Then, in October, it tacked on Schedule 6 to an unrelated budget bill—which allows the government to force conservation authorities to issue development permits even if the projects go against the best interests of people, infrastructure and the environment.
That’s exactly what we saw during the Duffins Creek debacle. Despite public backlash (and a perfectly suitable golf course to build on that was virtually next door), the government was determined to make it as easy as possible for a specific developer to land the Amazon deal. And thanks to Schedule 6, there was very little anyone could do to stop the project. The only reason it didn’t come to fruition was because Amazon–not the government–caved to public pressure.
It’s time for a change in mindset
The government should recognize the value in our natural ecosystems and waterways and not allow developers to build on them–period. But we should be demanding more than that.
Building a new warehouse on a site that isn’t a wetland is one way to create new jobs without unnecessarily destroying our environment–but why stop there? Why not also…
- offer incentives to help that warehouse adopt business practices that actually reduce its impact on the environment?
- Foster job growth in innovative new industries like green building, biomedical technology, renewable energy and sustainable transportation–so, one day, that warehouse’s trucks won’t have to send tons of greenhouse gasses into the atmosphere?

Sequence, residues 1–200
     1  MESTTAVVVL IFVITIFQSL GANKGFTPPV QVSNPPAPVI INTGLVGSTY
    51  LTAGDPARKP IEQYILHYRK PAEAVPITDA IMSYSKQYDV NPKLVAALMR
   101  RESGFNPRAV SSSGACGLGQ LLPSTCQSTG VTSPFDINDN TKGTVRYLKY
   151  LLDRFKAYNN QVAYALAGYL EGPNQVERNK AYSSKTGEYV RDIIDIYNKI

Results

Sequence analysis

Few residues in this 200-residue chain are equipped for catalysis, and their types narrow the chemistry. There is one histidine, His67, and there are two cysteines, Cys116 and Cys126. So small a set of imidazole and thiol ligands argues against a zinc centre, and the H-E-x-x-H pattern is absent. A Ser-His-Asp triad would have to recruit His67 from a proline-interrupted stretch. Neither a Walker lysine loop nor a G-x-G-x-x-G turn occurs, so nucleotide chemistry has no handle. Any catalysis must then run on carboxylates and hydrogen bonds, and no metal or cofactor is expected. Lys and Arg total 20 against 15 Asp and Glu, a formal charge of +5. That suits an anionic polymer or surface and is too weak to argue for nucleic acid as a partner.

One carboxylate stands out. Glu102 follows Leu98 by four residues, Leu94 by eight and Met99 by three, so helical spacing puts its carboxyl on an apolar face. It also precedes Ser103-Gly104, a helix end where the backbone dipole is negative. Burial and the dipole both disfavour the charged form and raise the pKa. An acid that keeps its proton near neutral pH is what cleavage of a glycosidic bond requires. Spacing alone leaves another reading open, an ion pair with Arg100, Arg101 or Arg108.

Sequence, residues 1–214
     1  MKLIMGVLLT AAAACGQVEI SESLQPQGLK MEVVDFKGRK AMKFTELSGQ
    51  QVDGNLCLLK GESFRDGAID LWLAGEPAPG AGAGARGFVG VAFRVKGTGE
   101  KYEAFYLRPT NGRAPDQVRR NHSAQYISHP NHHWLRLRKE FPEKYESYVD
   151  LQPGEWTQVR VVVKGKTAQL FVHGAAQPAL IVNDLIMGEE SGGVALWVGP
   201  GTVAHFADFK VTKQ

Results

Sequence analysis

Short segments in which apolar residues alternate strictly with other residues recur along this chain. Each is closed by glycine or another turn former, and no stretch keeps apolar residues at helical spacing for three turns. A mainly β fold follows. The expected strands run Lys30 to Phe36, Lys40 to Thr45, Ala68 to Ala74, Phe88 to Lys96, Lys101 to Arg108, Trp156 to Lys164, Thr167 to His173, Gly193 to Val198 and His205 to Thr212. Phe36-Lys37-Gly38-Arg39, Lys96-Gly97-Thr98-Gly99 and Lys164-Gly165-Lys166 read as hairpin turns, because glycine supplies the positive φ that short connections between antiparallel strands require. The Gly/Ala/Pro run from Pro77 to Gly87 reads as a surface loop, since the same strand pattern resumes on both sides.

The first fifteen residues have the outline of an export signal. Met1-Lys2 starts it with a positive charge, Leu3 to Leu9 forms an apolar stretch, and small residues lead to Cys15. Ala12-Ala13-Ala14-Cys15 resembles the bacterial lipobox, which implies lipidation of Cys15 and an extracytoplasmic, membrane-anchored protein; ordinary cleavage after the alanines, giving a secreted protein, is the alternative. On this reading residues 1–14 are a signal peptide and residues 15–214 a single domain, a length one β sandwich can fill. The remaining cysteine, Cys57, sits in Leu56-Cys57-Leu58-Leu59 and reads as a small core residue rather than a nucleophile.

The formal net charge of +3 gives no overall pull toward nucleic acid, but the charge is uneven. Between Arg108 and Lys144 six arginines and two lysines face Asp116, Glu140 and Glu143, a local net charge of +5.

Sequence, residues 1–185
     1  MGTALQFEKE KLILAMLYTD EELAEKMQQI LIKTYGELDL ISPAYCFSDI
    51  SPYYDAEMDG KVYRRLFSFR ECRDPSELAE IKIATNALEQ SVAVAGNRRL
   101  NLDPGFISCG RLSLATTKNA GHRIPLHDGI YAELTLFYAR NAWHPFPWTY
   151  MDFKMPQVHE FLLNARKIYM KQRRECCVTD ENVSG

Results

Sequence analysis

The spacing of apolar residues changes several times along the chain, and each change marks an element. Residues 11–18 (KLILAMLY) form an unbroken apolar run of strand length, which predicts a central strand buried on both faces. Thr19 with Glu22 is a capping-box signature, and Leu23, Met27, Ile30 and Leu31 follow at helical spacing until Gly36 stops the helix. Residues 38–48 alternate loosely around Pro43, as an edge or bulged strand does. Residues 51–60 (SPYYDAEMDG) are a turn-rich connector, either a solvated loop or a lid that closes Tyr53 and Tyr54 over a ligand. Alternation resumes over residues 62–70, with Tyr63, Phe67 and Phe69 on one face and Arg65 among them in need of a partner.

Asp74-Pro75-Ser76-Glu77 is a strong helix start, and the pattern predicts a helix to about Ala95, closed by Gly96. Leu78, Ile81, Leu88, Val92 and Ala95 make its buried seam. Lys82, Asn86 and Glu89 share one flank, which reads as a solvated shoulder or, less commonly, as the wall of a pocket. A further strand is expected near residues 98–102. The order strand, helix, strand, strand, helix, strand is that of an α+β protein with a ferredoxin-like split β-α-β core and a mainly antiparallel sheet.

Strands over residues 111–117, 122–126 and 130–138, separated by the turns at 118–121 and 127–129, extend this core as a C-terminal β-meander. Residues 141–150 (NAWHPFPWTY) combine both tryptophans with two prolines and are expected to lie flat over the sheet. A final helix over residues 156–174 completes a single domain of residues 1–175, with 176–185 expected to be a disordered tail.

- Launch a Green Building program which will allow us to offer good employment to workers while helping homeowners, landlords and businesses (like that warehouse) make their buildings more energy efficient?
And now that we’re on the right track, it would make sense to leverage nature’s inexpensive carbon-storing abilities to reduce our greenhouse gas emissions. Preserving our wetlands is one way to do that, but there are countless others, including: planting more trees, increasing the organic content of our soils, getting more diligent about our land-use plans, building green infrastructure projects and implementing stronger protections for our grasslands and woodlots. (We outline ways to do this, here .)
As you can see, our province doesn’t have to destroy nature to realize new business opportunities–and it actually should be doing a lot more to repair the damage we’ve already done. If you agree, we hope you’ll join us in the fight to save our wetlands. You can do this by sending four important emails to:
- repeal Schedule 6,
- save the Duffins Creek Wetlands,
- save all our remaining wetlands from sprawl, and
- stop the misuse of MZOs (also known as Schedule 3 which will allow developers to forgo Ontario’s most basic planning principles, unless they’re inside the limited bounds of the Greenbelt).
(And if you’re feeling really ambitious, check out our Green Vision which offers a host of practical ideas of how we can build back better. )
If we’ve learned anything from recent events, it’s that public pressure works—and your voice, combined with thousands of others, can help us get a little closer to putting Ontario on the right track.
Vanessa Chris is the communications director for the Guelph Greens Constituency Association.